High blood pressure and high cholesterol, which are risk factors for cardiovascular disease (CVD). In one study, 70 percent of obese children had at least one CVD risk factor, while 39 percent had two or more.
The investigators used the Physical Performance Test, a test that evaluates an individual’s ability to perform tasks, such as walking 50 feet, putting on and removing a coat, standing up from a chair, picking up a penny, climbing a flight of stairs and lifting a book.
A. The main two surgical approaches for obesity treatment are gastric banding and gastric bypass. Band surgery is reversible, while bowel shortening operations (bypass) are not. Here is more information about being a candidte for surgery- http://www.5min.com/Video/Weight-Loss-Surgery-To-Be-a-Surgical-Candidate-5007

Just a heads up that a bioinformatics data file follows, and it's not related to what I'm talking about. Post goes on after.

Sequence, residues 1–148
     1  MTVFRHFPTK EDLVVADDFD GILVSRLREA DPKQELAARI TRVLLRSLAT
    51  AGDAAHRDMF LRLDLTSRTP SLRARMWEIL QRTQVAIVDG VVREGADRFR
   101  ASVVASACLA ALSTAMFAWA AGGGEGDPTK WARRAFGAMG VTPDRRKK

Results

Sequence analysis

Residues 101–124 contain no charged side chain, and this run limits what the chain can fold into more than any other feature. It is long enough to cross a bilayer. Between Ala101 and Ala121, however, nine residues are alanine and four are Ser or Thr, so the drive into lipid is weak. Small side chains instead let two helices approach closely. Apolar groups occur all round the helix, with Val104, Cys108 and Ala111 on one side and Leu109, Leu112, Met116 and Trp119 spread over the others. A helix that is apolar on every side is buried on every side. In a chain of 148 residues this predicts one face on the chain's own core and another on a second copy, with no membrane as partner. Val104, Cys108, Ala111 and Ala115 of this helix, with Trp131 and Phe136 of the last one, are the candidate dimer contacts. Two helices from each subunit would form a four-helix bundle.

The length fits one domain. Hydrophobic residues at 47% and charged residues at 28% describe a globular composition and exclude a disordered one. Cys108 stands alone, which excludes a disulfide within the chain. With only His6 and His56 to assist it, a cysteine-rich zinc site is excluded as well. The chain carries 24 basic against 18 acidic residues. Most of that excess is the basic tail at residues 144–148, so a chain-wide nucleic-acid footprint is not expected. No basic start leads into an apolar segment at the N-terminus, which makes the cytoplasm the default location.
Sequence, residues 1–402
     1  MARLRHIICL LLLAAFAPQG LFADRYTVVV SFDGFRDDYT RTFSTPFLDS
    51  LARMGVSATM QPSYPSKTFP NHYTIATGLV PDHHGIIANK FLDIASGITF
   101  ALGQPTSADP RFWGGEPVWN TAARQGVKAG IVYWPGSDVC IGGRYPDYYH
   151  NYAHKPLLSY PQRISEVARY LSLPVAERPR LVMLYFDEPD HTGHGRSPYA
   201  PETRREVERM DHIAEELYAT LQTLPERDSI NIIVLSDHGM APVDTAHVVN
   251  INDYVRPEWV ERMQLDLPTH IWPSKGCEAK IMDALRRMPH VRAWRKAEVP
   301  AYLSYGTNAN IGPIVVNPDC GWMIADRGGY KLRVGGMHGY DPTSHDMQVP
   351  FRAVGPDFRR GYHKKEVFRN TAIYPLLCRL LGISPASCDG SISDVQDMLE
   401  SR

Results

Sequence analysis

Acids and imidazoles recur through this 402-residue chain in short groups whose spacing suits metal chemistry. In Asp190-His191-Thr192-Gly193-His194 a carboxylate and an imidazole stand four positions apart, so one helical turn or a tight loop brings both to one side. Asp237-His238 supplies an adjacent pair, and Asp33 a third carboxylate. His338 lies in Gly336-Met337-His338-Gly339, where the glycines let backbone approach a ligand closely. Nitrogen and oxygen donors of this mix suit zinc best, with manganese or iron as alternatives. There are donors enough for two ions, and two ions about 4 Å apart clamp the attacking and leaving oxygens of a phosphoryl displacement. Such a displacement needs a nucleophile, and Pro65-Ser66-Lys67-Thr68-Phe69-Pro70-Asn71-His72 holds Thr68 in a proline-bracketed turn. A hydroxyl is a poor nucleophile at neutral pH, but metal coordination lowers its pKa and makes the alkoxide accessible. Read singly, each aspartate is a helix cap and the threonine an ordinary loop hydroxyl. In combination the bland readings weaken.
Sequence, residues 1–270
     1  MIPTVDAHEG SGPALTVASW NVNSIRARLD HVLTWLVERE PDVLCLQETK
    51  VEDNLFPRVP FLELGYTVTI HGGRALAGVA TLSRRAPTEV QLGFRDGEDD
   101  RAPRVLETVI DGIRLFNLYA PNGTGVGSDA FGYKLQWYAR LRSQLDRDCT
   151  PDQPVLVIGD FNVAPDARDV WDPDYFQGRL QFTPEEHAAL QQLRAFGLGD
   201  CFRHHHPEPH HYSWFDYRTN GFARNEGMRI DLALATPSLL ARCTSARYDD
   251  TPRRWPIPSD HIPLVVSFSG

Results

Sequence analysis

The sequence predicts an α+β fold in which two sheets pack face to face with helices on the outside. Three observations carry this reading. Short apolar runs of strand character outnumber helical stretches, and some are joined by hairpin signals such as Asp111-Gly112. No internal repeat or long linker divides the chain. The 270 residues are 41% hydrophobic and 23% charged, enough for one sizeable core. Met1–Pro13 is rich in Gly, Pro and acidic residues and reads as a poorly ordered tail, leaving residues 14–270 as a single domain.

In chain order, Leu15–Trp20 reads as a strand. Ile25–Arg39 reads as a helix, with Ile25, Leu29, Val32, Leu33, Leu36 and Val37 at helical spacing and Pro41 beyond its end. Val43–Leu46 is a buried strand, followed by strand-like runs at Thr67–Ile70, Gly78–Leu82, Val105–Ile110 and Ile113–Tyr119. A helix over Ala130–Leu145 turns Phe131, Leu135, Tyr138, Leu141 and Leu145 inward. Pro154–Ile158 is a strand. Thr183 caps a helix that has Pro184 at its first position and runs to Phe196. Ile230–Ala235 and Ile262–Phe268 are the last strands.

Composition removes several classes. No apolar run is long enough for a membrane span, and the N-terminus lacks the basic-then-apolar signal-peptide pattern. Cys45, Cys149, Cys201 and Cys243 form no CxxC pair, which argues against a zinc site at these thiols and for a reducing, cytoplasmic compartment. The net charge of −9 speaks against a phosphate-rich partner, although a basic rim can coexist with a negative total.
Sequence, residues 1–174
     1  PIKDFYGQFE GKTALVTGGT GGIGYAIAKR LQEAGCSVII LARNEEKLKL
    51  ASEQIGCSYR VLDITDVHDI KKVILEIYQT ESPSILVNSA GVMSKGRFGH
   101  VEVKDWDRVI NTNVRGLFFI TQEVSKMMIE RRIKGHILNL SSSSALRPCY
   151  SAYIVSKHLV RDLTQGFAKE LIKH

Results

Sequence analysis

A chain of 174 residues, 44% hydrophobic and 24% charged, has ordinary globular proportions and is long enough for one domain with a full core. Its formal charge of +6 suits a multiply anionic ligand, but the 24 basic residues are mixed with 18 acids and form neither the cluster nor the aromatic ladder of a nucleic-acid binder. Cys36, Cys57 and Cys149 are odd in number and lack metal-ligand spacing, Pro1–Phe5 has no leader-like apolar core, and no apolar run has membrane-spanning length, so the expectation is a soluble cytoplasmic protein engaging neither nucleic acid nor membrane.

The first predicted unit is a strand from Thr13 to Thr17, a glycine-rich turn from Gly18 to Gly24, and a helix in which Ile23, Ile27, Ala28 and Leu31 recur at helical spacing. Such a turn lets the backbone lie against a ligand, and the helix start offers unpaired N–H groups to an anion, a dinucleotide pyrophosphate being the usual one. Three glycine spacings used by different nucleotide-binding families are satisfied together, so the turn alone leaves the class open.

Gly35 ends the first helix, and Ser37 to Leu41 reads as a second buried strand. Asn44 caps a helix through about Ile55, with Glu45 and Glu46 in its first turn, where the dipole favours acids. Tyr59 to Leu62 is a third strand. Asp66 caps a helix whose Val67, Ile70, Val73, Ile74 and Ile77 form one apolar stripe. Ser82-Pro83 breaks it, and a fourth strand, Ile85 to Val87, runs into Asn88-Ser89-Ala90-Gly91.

As a start, aim to lose 1-2 pounds a week. Adults who are overweight or obese should try to lose 5% to 10% of their current weight over 6 months, according to the National Heart, Lung, and Blood Institute.
Senior weight loss is a possibility when monitored by an instructor who ensures that the exercises are safe and beneficial. It is always good to consult your doctor before enrolling for a weight loss program. Frequent breaks should be taken while working out in the gym. Keeping the body well hydrated by drinking lot of water boosts metabolism and results in weight reduction. Ideal training session is one that begins with stretching, becomes intense and cools down towards the end.
In some cases, weight-loss surgery, also called bariatric surgery, is an option. Weight-loss surgery limits the amount of food you’re able to comfortably eat or decreases the absorption of food and calories or both. While weight-loss surgery offers the best chance of losing the most weight, it can pose serious risks.